The father of Down syndrome baby Leo Forrest has been acquitted of assaulting a trustee he asked to help look after a fund of hundreds of thousands of dollars raised in a public campaign for his son.

Samuel Forrest, 37, stood trial in the Waitakere District Court today accused of attacking Trina Mclachlan on July 8 at the rented Massey, West Auckland, home he shares with his Armenian wife, Ruzan Badalyan, and son Leo.

Judge Kevin Glubb, who heard the case without a jury, said the evidence of Mr Forrest and his wife versus that of the complainant left him unsure and he therefore had no choice but to find the defendant not guilty.

Ms Mclachlan acted as spokeswoman for Mr Forrest after an online appeal raised more than $500,000 for the baby from 17,900 donors.


Ms Badalyan gave birth to Leo on January 21 in Armenia, where disabled babies are often put in orphanages, and initially disowned the boy.

Before the couple reconciled, Mr Forrest set up a Go Fund Me site to help with expenses, hoping to raise $60,000 to allow him to dedicate a year to raising Leo as a fulltime solo father back in New Zealand.

The Leo Forrest Trust was set up to handle the windfall that came about.

Today, Ms Mclachlan told the court how the defendant flew her up to Auckland from the South Island after inviting her to be a trustee.

She said that after he prepared a meal, Mr Forrest left her and his wife to eat.

When he returned, he approached her. "He was in front of me and picked me up and put me over his shoulder. I said, 'Put me down, put me down'. He dropped me backwards and I landed on my head," Ms Mclachlan said.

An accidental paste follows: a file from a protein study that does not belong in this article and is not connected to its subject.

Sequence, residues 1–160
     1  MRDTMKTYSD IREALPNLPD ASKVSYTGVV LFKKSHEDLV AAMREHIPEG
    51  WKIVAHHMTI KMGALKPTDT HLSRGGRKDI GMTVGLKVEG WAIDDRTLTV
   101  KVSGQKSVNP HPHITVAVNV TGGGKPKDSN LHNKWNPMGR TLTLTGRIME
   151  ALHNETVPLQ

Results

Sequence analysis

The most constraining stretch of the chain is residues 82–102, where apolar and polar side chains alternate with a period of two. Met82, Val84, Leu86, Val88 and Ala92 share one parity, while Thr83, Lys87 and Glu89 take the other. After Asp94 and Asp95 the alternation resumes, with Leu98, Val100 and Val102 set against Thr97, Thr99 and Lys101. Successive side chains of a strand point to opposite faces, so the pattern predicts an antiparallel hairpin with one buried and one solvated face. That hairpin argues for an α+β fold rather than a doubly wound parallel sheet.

But Mr Forrest and his wife, who also gave evidence today, gave a much different version of events.

"After dinner finished, conversation took quite a bizarre turn," Mr Forrest said. "Trina was asking all sorts of sexual questions of both of us -- completely inappropriate."


Then, he said, Ms Mclachlan gave an impromptu demonstration of her "martial arts" skills.

"The first thing I knew was being grasped by an arm and having my leg kicked out from underneath me," Mr Forrest said.

"She fell forward of me, very hard and face down."

In their evidence, all agreed that Ms Mclachlan pursued the defendant for an apology, while he told her to leave the house.

She said his frustration boiled over and he flipped a table on to her.

"It hit me across the chest and ribs," Ms Mclachlan said. "I didn't say anything. I was just standing in shock and crying."

But Ms Badalyan and the defendant told the court it did not hit her.

A tug-of-war then ensued over Ms Mclachlan's luggage, during which, the complainant said, Mr Forrest punched her in the face.

He denied this, and Ms Badalyan said she did not see it happen.

Ms Mclachlan said that during the incident, Mr Forrest had threatened to have his wife deported to Armenia and cut off from Leo and the trust money if she sided with the complainant.

But while in the witness box, Mr Forrest dismissed her words as "a fabrication".

When asked why Ms Mclachlan would have made up the allegation, he said: "I'm sure she was very embarrassed by what happened when we fell."